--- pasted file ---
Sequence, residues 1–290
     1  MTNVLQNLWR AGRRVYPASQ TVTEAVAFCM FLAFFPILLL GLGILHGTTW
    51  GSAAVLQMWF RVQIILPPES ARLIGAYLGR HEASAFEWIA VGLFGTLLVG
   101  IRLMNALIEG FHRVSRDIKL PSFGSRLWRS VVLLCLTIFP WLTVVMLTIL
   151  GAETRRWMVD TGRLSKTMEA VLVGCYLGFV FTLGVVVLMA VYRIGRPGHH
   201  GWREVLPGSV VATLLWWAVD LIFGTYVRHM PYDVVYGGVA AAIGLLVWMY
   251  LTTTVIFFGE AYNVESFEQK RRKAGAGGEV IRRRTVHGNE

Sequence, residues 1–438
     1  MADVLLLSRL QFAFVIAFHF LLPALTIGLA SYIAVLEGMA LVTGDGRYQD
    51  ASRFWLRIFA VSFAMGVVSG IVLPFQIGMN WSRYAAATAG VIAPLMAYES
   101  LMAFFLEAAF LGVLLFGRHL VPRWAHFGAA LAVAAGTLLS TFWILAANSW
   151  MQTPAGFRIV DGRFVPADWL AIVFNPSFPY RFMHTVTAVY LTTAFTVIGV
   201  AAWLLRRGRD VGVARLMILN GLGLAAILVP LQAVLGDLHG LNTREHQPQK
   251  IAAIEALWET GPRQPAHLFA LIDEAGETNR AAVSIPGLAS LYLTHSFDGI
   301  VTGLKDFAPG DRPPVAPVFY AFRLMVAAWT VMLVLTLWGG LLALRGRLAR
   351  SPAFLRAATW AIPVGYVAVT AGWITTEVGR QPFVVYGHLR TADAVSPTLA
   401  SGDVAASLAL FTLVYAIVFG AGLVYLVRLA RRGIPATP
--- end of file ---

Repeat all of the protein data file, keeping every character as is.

Sequence, residues 1–290
     1  MTNVLQNLWR AGRRVYPASQ TVTEAVAFCM FLAFFPILLL GLGILHGTTW
    51  GSAAVLQMWF RVQIILPPES ARLIGAYLGR HEASAFEWIA VGLFGTLLVG
   101  IRLMNALIEG FHRVSRDIKL PSFGSRLWRS VVLLCLTIFP WLTVVMLTIL
   151  GAETRRWMVD TGRLSKTMEA VLVGCYLGFV FTLGVVVLMA VYRIGRPGHH
   201  GWREVLPGSV VATLLWWAVD LIFGTYVRHM PYDVVYGGVA AAIGLLVWMY
   251  LTTTVIFFGE AYNVESFEQK RRKAGAGGEV IRRRTVHGNE

Sequence, residues 1–438
     1  MADVLLLSRL QFAFVIAFHF LLPALTIGLA SYIAVLEGMA LVTGDGRYQD
    51  ASRFWLRIFA VSFAMGVVSG IVLPFQIGMN WSRYAAATAG VIAPLMAYES
   101  LMAFFLEAAF LGVLLFGRHL VPRWAHFGAA LAVAAGTLLS TFWILAANSW
   151  MQTPAGFRIV DGRFVPADWL AIVFNPSFPY RFMHTVTAVY LTTAFTVIGV
   201  AAWLLRRGRD VGVARLMILN GLGLAAILVP LQAVLGDLHG LNTREHQPQK
   251  IAAIEALWET GPRQPAHLFA LIDEAGETNR AAVSIPGLAS LYLTHSFDGI
   301  VTGLKDFAPG DRPPVAPVFY AFRLMVAAWT VMLVLTLWGG LLALRGRLAR
   351  SPAFLRAATW AIPVGYVAVT AGWITTEVGR QPFVVYGHLR TADAVSPTLA
   401  SGDVAASLAL FTLVYAIVFG AGLVYLVRLA RRGIPATP